HomeNovember 2015Air ambulances to the rescue

Air ambulances to the rescue

Brigadier General Paul Fry, General Officer Commanding the Irish Air Corps writes about the work of the IAC ambulance service in transporting critically-ill adults and children, neonatal transfers and victims of severe road traffic collisions, severe cardiac incidents and stroke victims.

General Paul Fry
Brigadier General Paul Fry

In 1963 the Irish Air Corps (IAC) began helicopter operations with the French built Aerospatiale Alouette III helicopter. This was an incredibly successful light utility helicopter, not only for the IAC but for multiple helicopter operators worldwide. The present-day IAC use the very latest 21st Century rotary technology and No 3 Operations (Helicopter) Wing has evolved to continue to perform multiple roles using this modern technology to its maximum effect in support of the Irish State.

The helicopter is on a rapid response protocol (average response time from call to airborne is 7mins 30 secs) and deals primarily with severe traumas.

During the first years of the 2000s, a decision was taken to replace the venerable Alouette and Dauphin fleets with a new modern helicopter, which would be capable of multiple roles. This led to the purchase of the ultra-modern Agusta-Westland AW139 fleet of helicopters. The AW139s are a new-generation powerful medium twin-turbine multi-crew helicopter. The first AW139 helicopter was sold in 2003, so with only 12 years since the initial production aircraft, they represent the very latest in helicopter technology flying in Ireland today. This technology includes a four-axis digital autopilot, which means that they can be flown completely hands-off from just after lift-off until landing. Situational awareness is aided by the use of a Traffic Alert and Collision Avoidance system, an Enhanced Ground Proximity Warning System, digital weather radar, digital moving map, and Forward Looking Infra-Red. The cockpit comprises five large flat-screen high-definition colour LCD multi-function displays, which can be selected to display a combination of information relative to the mission and phase of flight.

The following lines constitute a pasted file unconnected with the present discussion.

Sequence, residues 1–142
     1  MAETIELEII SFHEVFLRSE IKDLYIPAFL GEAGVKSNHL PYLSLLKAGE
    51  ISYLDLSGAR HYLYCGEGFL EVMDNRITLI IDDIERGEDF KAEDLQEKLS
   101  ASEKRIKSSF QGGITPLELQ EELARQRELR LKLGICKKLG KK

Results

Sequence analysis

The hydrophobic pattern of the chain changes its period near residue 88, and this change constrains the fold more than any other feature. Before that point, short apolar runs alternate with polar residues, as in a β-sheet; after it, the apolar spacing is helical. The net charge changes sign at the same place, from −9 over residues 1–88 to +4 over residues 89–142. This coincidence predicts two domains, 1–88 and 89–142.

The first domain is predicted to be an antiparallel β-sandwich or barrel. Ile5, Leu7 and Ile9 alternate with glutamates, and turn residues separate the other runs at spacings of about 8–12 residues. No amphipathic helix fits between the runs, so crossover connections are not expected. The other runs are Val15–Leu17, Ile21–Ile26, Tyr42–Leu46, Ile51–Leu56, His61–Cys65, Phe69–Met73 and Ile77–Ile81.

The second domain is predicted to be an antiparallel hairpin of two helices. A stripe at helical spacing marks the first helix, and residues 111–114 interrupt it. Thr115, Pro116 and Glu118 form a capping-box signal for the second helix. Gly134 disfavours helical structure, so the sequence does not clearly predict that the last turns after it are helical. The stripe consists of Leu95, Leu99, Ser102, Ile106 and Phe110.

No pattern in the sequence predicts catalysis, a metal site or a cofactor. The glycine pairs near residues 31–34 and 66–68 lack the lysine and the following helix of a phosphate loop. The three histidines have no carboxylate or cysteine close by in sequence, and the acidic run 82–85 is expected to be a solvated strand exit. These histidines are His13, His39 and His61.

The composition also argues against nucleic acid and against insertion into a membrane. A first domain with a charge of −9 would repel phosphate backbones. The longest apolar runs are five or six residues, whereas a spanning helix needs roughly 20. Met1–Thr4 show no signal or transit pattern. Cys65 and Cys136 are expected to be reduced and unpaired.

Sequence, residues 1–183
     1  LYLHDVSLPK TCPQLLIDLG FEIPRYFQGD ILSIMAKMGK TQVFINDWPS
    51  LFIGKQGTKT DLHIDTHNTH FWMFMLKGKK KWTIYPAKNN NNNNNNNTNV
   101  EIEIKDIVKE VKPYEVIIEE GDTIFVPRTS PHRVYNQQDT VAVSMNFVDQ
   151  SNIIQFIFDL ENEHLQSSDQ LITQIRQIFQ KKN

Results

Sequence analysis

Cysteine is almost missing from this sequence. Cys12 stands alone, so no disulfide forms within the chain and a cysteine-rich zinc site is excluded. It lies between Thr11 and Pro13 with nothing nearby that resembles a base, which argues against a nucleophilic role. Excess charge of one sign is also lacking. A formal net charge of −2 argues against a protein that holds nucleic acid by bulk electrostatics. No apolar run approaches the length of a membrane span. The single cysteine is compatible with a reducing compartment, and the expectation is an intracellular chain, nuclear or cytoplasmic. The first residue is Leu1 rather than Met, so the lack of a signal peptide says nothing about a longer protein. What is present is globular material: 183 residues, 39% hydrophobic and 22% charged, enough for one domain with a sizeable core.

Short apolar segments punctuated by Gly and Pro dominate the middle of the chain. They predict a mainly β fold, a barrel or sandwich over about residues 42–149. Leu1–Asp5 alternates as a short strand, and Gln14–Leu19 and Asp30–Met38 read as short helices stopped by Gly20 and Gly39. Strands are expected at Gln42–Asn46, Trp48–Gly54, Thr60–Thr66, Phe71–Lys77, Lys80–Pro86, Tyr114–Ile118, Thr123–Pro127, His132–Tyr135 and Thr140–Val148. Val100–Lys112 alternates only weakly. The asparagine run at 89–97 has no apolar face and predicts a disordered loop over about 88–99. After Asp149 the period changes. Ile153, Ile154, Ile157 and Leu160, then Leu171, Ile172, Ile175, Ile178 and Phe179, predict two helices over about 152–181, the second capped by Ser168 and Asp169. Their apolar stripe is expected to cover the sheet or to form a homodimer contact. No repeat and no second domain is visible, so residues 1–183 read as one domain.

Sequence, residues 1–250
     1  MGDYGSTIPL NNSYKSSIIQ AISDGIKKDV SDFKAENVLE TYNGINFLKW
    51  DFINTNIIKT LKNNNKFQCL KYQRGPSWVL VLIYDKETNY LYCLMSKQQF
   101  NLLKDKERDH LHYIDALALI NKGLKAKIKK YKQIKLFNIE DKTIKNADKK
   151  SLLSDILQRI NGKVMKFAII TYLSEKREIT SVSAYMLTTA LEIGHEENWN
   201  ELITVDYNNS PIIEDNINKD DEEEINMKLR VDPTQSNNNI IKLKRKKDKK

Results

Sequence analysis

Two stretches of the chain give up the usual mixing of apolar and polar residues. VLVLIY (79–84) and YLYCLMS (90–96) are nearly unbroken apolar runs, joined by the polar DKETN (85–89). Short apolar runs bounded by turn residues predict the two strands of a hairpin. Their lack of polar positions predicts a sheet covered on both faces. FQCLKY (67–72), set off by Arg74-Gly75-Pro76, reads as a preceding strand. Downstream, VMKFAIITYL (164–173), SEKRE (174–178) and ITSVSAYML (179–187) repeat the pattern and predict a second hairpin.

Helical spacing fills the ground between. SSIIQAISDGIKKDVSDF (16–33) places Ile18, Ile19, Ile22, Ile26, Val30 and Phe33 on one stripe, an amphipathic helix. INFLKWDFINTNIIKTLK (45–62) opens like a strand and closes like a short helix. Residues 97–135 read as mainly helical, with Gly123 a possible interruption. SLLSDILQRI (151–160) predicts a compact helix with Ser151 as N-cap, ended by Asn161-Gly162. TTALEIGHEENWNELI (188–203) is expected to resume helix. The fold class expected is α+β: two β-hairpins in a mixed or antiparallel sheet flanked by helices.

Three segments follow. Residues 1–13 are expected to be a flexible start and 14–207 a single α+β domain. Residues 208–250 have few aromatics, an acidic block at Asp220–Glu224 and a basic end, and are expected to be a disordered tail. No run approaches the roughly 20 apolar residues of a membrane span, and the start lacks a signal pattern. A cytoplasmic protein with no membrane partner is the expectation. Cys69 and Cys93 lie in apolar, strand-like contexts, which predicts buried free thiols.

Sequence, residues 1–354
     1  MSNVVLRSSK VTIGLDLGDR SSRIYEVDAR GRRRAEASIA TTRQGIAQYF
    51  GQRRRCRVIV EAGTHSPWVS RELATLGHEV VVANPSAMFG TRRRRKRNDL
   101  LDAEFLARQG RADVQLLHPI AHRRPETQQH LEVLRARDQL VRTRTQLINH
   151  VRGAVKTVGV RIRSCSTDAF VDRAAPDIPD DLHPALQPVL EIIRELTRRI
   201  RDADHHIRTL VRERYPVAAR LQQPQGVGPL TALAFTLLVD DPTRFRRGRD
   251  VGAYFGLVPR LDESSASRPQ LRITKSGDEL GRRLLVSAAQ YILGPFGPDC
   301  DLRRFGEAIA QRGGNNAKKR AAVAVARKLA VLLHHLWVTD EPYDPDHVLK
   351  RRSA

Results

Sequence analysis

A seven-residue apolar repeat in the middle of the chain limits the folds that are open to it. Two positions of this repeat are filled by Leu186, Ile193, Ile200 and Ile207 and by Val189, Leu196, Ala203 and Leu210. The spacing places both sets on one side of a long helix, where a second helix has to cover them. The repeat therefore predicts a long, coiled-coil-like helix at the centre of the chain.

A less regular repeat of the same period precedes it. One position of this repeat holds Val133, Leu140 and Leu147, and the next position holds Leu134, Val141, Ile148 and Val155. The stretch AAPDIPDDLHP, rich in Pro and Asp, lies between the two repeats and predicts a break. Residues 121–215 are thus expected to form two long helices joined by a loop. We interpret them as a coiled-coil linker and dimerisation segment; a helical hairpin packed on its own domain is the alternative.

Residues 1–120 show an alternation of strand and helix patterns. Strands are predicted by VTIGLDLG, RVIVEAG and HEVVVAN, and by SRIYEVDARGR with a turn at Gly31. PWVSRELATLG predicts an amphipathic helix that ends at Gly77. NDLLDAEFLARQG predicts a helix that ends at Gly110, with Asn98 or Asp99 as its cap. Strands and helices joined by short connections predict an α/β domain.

The two powerful Pratt & Whitney PT6C-67C jet engines provide the helicopter with the best power reserve of any helicopter in the medium twin-engine class in the world. This phenomenal power combined with an ultra-modern main rotor also means that the AW139 is the fastest helicopter in the world in its class. The rear cabin is of a modular design, allowing for the rapid re-fitting for role, ranging from Special Forces hostage rescue insertion/extraction missions, to Presidential VIP transport, to a comprehensive ‘airborne intensive care’ air ambulance kit, to search and rescue missions. The cabin can also be fitted with a mass-casualty litter system, carrying up to six NATO stretchers in a secure frame, plus troop seats for extra walking wounded casualties. The IAC has also developed a fully operational capability of flying using Night Vision Goggles (NVG) using the most advanced goggles available enabling low-level transits even on the darkest of nights, on night time air ambulances for example. The increase in safety during night operations by using NVG is immeasurable.

The IAC air ambulance capability has also been enhanced and continues to develop since the first helicopter air ambulance in the State in December 1963. The IAC at present operates two helicopter air ambulance rosters. An AW139 is on call in Baldonnel 24 hrs/day (using NVG at night), 365 days/year to conduct air ambulances on behalf of the HSE, on an as-available basis. These air ambulances work can vary from inter-hospital transfers of critically-ill adults and children, to neonatal transfers in co-operation with the National Neonatal Transportation Team using a specially designed incubator for critically ill infants, to rapid transportation of people requiring organ transplant, to the transportation of organ-retrieval teams and organs. The US-built LifePort stretcher system is used for air ambulances in the AW139, which provides for a fully-contained stretcher incorporating integral oxygen and power supply for monitors, ventilator, defibrillator, suction, fluid pumps, etc. The specially designed incubator for neonatal missions attaches directly to the LifePort stretcher.

The second air ambulance is currently based in Athlone Barracks and operates a dedicated Emergency Aeromedical Service (EAS) jointly with the National Ambulance Service (NAS) for the whole country. This AW139 has a NAS Advanced-Paramedic permanently attached to the helicopter crew. The helicopter is on a rapid response protocol (average response time from call to airborne is 7mins 30 secs) and deals primarily with severe traumas (eg. serious road traffic collisions), severe cardiac incidents and stroke victims, and any other injuries or illnesses where there is a significant risk to life. The EAS AW139 routes directly to the scene of the person in distress, thereby saving extremely valuable time in getting a person rapidly to an appropriate primary treatment hospital. The service recently completed its one thousandth successful mission following the launch of the service in June 2012.